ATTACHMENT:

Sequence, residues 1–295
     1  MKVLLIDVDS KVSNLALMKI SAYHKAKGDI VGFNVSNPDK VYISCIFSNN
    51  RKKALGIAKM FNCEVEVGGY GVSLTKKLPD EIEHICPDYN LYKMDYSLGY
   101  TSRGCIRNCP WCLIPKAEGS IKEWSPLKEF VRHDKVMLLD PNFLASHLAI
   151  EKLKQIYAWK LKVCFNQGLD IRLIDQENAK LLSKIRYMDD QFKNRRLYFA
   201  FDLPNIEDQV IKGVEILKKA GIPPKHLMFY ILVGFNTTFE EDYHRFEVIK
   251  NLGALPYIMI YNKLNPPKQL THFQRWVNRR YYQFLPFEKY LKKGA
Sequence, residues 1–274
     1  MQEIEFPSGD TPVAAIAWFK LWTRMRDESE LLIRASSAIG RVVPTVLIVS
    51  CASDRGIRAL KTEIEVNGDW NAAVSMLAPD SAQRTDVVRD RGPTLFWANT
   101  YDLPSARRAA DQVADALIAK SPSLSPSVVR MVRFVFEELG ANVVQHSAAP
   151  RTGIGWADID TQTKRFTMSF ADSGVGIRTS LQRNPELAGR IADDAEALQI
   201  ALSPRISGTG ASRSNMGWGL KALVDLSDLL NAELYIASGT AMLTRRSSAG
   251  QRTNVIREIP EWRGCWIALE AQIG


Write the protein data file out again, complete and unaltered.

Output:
Sequence, residues 1–295
     1  MKVLLIDVDS KVSNLALMKI SAYHKAKGDI VGFNVSNPDK VYISCIFSNN
    51  RKKALGIAKM FNCEVEVGGY GVSLTKKLPD EIEHICPDYN LYKMDYSLGY
   101  TSRGCIRNCP WCLIPKAEGS IKEWSPLKEF VRHDKVMLLD PNFLASHLAI
   151  EKLKQIYAWK LKVCFNQGLD IRLIDQENAK LLSKIRYMDD QFKNRRLYFA
   201  FDLPNIEDQV IKGVEILKKA GIPPKHLMFY ILVGFNTTFE EDYHRFEVIK
   251  NLGALPYIMI YNKLNPPKQL THFQRWVNRR YYQFLPFEKY LKKGA
Sequence, residues 1–274
     1  MQEIEFPSGD TPVAAIAWFK LWTRMRDESE LLIRASSAIG RVVPTVLIVS
    51  CASDRGIRAL KTEIEVNGDW NAAVSMLAPD SAQRTDVVRD RGPTLFWANT
   101  YDLPSARRAA DQVADALIAK SPSLSPSVVR MVRFVFEELG ANVVQHSAAP
   151  RTGIGWADID TQTKRFTMSF ADSGVGIRTS LQRNPELAGR IADDAEALQI
   201  ALSPRISGTG ASRSNMGWGL KALVDLSDLL NAELYIASGT AMLTRRSSAG
   251  QRTNVIREIP EWRGCWIALE AQIG